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The Honolulu Advertiser
Posted on: Wednesday, June 20, 2007

Elevator parts are available after all

StoryChat: Comment on this story

By Jim Dooley
Advertiser Staff Writer

For more than three months, one of two elevators serving residents at the 221-unit Kalakaua Homes public housing project has been out of service because state officials and a private repair company mistakenly believed that a replacement part was unavailable.

A national distributor of elevator parts told The Advertiser that it has nine of the replacement parts in stock, priced at $500 to $600 apiece.

When Michael Tomihara, head of the company under contract to repair elevators in state-owned public housing projects, was told of the availability of the parts, he contacted the distributor and confirmed the item was in stock.

"I don't know what to say. I verified today that they have nine in stock," Tomihara said.

Tomihara said the mix-up occurred because of a miscommunication between his company and the parts distribution company.

The delay in repairing the elevator at Kalakaua Homes even when parts were available illustrates the frustration many residents of public housing projects have been experiencing.

Nine of 35 elevators in several public housing projects nearly 25 percent have been out of service for months, resulting in long waits for elderly and disabled tenants and creating serious health and safety dangers at the facilities.

At Kalakaua Homes, one of two elevators serving hundreds of residents has been out of service since March 19.

NO IMMEDIATE REPAIRS

Despite the availability of parts for the Kalakaua Homes elevator, the state has no immediate plans to repair them. The state has lost confidence in Tomihara and his company, Hawaii Vertical Transportation Inc., and has decided not to attempt more repairs until a new company can be selected.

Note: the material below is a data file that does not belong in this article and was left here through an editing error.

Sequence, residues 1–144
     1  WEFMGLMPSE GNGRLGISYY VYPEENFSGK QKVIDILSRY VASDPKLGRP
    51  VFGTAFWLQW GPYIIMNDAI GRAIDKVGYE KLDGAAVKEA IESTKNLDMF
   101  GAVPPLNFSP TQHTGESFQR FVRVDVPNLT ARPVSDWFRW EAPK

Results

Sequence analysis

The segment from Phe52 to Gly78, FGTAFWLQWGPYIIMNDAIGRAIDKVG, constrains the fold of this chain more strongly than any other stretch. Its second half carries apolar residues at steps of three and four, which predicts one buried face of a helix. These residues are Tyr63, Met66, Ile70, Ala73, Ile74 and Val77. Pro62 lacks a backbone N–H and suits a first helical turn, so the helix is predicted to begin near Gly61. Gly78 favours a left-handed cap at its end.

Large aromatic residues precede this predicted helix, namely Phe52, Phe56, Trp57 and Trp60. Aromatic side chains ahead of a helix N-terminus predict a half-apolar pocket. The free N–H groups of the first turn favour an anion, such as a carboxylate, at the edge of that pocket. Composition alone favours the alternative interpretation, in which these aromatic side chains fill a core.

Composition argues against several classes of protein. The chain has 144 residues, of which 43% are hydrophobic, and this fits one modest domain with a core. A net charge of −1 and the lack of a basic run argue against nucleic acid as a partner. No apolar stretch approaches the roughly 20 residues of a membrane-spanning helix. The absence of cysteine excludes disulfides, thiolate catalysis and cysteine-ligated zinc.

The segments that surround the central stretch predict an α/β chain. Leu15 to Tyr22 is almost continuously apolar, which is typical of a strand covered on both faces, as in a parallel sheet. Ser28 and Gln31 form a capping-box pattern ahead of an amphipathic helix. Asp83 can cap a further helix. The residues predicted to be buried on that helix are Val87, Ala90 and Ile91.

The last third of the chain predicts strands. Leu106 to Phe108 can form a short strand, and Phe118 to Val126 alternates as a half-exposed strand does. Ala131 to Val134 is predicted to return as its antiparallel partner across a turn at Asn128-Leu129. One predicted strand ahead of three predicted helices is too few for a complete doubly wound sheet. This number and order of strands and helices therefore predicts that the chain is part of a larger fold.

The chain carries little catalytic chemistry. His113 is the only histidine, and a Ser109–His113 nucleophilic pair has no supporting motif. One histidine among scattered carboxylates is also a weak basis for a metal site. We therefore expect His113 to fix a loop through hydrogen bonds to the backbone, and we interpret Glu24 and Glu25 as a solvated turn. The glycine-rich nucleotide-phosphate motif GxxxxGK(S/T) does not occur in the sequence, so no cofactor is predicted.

"Past performance indicates satisfactory repair is unlikely to occur," said Derek Fujikami, the Hawai'i Public Housing Authority engineer in charge of a project to repair and modernize elevators. "We requested HVT (Hawaii Vertical Transportation) to stop current repair work on the nine elevators that have been out of service for long periods, because HVT has not made significant progress on these elevators."

Hawaii Vertical Transportation was awarded a $375,318 non-bid contract last year to repair and maintain elevators in various public housing projects. The contract is due to expire at the end of this month.

PATIENCE REQUESTED

The state is now considering whether "to hire another elevator company to repair these elevators on an emergency basis if necessary," Fujikami said.

Fujikami did not say when the elevators might be fixed, but he said last week that it might take three months to accomplish the repairs.

"We ask the residents for their continued patience as we try to get aging elevators to function reliably," Fujikami said yesterday.

Tomihara said "the state told us last week to cease all repair work."

"Because so many elevators are down, they (the state) just want me to stop," Tomihara said yesterday. "I think they blame me for the problems."

Hawaii Vertical has another $50,000 nonbid "emergency" contract to repair broken elevators at Kuhio Park Terrace, the largest public housing project in the state. That contract expires in October.

Four of six elevators at Kuhio Park Terrace are out of service.

REPORT CRITICAL

Hawaii Vertical Transportation began working on public housing elevators in 2005 after the state canceled an existing contract with another firm. A consultant report in 2005 found "that maintenance work is not satisfactory and that significant systems related to passenger safety have been ignored or 'pieced together.' "

Fujikami said yesterday he did not know why the replacement part for the Kalakaua Homes out-of-service elevator could not be located.

Tomihara said that when one of his company employees called Unitek Parts Co., the national distributor for Otis parts based in Connecticut, earlier this year, he was told that that part "is no longer made, it's not available, it's obsolete."

Reach Jim Dooley at jdooley@honoluluadvertiser.com.